|CHHATRAPATI SHIVAJI MAHARAJ VASTU SANGRAHALAYA
|(FORMERLY PRICE OF WALES MUSEUM OF WESTERN INDIA)
|As you walk down the Gateway of India towards Flora Fountain,
you'll be greeted by the unmistakable hustle and bustle of Bombay. You'll
also see an imposing dome-shaped structure. The Prince of Wales
Museum. Spend a few hours inside the portals of the structure and you'll
witness centuries of art and architecture unfolds its magic in a kaleidoscopic
display of colours and images.
|This solid structure of basalt stone, with a big
dome, surrounded by beautifully laid gardens is built on a spot of land known
as the 'crescent site', because of its shape. Situated near the
University Building to its West and the Gateway of India to its South, the
museum is visited by more than a million people every year. The history
of the museum goes back to 1901, when Mr. Henry Cousens succeeded in persuading
the government to shift its military offices from the Town Hall and assemble
there the collection of antiquities gathered by him. Various institutes like
the Bombay Natural History Society, the Anthropological Society, the Victoria
and Albert Museum and the J. J. J. School of Art also exhibited their
|The museum movement received a fillip in 1905 when
the people of Bombay decided to commemorate the visit of the Prince of Wales by
setting up a museum.
|The process of collection of objects in a museum is a
gradual one. However, the Prince of Wales Museum was particularly lucky
in its earlier stages. The acquisition in 1915 of the collections of Sir
Purushottam Mavji, the munificent gift in 1921 by Sir Ratan Tata, and in 1933
by Sir Dorab Tata of their valuable art collection form the nucleus of the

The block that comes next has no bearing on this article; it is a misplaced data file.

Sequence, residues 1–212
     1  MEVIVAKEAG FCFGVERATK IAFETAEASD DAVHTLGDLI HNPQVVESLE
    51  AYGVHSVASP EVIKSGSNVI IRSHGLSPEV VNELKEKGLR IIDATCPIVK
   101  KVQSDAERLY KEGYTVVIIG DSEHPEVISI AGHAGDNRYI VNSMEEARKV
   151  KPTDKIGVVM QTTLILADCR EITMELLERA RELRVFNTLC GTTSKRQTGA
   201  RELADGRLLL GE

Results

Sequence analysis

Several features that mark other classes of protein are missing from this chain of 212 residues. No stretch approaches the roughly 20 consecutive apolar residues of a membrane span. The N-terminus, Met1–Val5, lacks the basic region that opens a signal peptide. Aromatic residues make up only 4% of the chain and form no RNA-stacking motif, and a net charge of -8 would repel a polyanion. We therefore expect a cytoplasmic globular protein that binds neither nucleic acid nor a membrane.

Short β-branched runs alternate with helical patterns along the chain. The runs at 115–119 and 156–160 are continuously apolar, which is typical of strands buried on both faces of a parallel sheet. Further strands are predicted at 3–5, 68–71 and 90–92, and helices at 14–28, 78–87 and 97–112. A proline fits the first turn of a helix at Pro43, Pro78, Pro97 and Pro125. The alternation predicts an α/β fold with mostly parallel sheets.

museum's art section. The transfer of sculptures and coins of the defunct
Poona Museum, the collections of the Bombay branch of the Royal Asiatic Society
consisting of valuable sculptures and epigrams, and the co-operation between
the Board of Trustee and the Bombay Natural History Society, helped in setting
up the archaeological and natural history sections.
|The emphasis has been primarily on the development of
Indian paintings, sculpture and decorative art, and this includes some of the
finest examples of ivory carving, woodwork, metal work and textiles. The
architecture of the Prince of Wales Museum can be broadly described as a
British interpretation of the Mughal period. The structure forms a long
rectangle of three storeys, raised in the centre to accommodate the entrance
porch. Above the central arched entrance rises a huge dome, tiled in
white and blue flecks, supported on a lotus - petal base. Around the dome
is an array of pinnacles, each topped by a miniature dome. Indian motifs
like the brackets and protruding caves are combined with so-called Islamic
arches and tiny domes. The whole museum complex is situated in a garden
of palm trees and formal flower beds.
|The museum's collection of Indian miniature paintings
represent all the facets of painting from illustrated palm leaf manuscripts of
the 11th / 12th centuries to the early 19th century 'pahari' paintings. The
main schools of Indian paintings viz. Mughal, Rajasthani, Pahari and Deccani
are well represented. The collection is specially rich in the paintings
of the Sultanate period. The collections of sculptures, though modest,
are some of the finest of the Chalukyan period. The terracotta figures
from Mirpurkhas is Sind of the early 5th century show the classical face of
Gupta art, and the sculptures of the Rashtrakuta period from Elephanta are
replete with strength and noble modeling unknown elsewhere.
|Similarly, the ivories of the Gupta period are
unique. The minuteness of the details and nobility of the figures are typical
of the Gupta period.
|Amongst its decorative are sections are textiles,
ivories, Mughal jades, silver, gold and artistic metalware. There is also
a rich collection of European paintings, Chinese and Japanese porcelain, ivory
and jade artefacts.
|To facilitate the study of art, history and
archaeology, the museum has started a research institute affiliated to the
University of Bombay.
|The museum's natural history section is a
well-maintained showcase of Indian wildlife. The use of habitat group
cases and dioramas have added a charm to the systematic presentation.
Diagrams and charts make the presentation instructional. Of particular
interest are the cases of flamingo colonies, Indian hornbill, Indian bison, and
the tiger. The Prince of Wales Museum has always aimed at being a centre
of education and not merely a showplace. Its various projects amply
demonstrate its intention to serve the people. The museum is a vital link
between the past and the present and an important centre of culture and